Condos Don’t Have To Be Inevitable

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Given the frequency and borderline hysteria with which every single New York media outlet talks about gentrification (us included), it can feel like sort of a drumbeat; the re-zonings, the hideous new condos,  the terrible Times style section pieces about the people who live in them, the commenters who barrage us with reminders that “hipsters should fucking die,” all coalescing as part of the same inexorable force pushing the city toward an expensive, bland future. And this weekend’s Daily News story on the insane disparity of the city’s property taxes is just another piece of it.

But, as our own Henry Stewart has pointed out, these things don’t “just happen,” just as tax laws don’t just magically shake down in such a way that middle class homeowners in Cypress Hills pay higher property taxes than the owners of multi-million dollar Park Slope brownstones. And even this disturbing new real estate story comes on the heels of two relatively encouraging ones last week; one, a re-zoning in Crown Heights that creates affordable housing and prevents pricey, high-rise condos from cropping up in the rapidly gentrifying neighborhood, the other a ruling against an illegally high condo that Marine Park residents have been fighting since 2006.

Which, on the one hand, is great. One Crown Heights community board member said the Department of City Planning “gave us everything we asked for,”  adding, “our primary goal was to prevent large scale development in the neighborhood and that happened.” Great. Totally ideal. But then, the idea that it’d take close to a decade just to stop a single building that flagrantly violates city law is… pretty exhausting.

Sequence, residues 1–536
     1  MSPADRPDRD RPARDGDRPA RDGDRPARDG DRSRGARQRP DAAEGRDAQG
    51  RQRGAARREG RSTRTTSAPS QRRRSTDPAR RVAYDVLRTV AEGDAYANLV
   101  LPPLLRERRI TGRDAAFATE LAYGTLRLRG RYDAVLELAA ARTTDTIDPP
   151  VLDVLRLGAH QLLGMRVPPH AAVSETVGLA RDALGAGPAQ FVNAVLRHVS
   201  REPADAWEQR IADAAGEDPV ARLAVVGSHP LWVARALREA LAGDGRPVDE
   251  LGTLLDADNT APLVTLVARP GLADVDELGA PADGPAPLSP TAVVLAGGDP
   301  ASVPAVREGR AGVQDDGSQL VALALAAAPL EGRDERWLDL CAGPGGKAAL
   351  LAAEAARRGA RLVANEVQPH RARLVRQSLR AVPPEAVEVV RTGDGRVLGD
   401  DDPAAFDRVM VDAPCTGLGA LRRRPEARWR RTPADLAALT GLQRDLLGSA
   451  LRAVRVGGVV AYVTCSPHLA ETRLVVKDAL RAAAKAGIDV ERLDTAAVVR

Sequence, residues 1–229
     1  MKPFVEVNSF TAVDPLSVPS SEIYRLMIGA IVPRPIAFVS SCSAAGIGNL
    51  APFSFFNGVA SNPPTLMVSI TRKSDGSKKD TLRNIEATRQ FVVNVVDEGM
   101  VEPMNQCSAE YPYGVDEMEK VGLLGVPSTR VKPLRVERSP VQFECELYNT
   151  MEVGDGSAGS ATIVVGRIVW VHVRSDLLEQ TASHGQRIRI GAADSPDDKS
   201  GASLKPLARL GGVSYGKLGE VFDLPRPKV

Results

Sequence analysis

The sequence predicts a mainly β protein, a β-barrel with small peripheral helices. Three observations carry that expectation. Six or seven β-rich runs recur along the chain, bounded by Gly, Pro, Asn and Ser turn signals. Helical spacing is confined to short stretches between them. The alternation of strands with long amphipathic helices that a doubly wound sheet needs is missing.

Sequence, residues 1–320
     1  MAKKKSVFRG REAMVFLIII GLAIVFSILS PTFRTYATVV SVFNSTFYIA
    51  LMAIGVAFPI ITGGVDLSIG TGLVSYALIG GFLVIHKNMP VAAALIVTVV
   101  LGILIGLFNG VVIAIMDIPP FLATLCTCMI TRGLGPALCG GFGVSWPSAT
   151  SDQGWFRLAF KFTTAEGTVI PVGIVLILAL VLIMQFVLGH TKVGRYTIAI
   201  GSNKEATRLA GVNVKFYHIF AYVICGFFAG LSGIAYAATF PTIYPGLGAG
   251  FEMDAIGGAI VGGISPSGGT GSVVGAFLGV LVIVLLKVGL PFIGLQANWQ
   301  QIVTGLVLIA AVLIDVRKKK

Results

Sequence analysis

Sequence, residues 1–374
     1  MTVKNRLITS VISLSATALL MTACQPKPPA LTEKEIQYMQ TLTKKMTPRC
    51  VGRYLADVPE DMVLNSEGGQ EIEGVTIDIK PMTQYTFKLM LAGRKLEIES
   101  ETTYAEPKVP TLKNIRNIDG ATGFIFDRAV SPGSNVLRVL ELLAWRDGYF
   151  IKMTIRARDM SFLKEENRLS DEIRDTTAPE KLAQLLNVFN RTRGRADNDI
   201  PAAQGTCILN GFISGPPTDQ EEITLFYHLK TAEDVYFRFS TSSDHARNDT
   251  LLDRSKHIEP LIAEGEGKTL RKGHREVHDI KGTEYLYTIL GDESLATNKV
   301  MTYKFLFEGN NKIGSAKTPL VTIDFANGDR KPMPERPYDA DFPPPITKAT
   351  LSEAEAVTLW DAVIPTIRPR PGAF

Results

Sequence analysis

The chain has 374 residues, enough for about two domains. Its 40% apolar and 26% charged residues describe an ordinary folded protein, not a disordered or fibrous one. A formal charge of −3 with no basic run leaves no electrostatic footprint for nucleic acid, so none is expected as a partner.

And versions of the same story seem to be playing out in just about every Brooklyn neighborhood with even a hint of newfound desirability. There have been re-zonings in Bed-Stuy over the past few years, and, more recently, ongoing fights in Greenpoint, where residents are pushing back against massive new waterfront towers and demanding affordable housing, and Bushwick, where the local Community Board has attempted to curb changes to the neighborhood with arbitrary curfews on liquor sales, all while holding secret meetings to push through a hotly disputed re-zoning that would put condos in the old Rheingold factory. And, of course, there was the much-publicized losing battle for the soul of the Atlantic Yards near the Barclays Center.

Which, you know, isn’t exactly enough for anyone to get too Pollyanna-ish about. Even without brand new towers that come with crazy amenities and crazier prices, real estate values are still crushingly high (and getting higher by the day). And with developers willing to toss millions of dollars at relatively small potatoes political races in order to protect their interests, even maintaining a relative status quo seems to require years in the trenches, week after week of attending often-tedious meetings and drumming up petition signatures. Not exactly for the faint of heart (or, mostly likely, for freshly minted transplants, which may be the crux of the problem). Still, it’s at least a little bit comforting that sometimes, even in the tail end of the Bloomberg years, the small(er) guys really do get what they want. It’d just be nice if it wasn’t quite so hard.

 Follow Virginia K. Smith on Twitter @vksmith.


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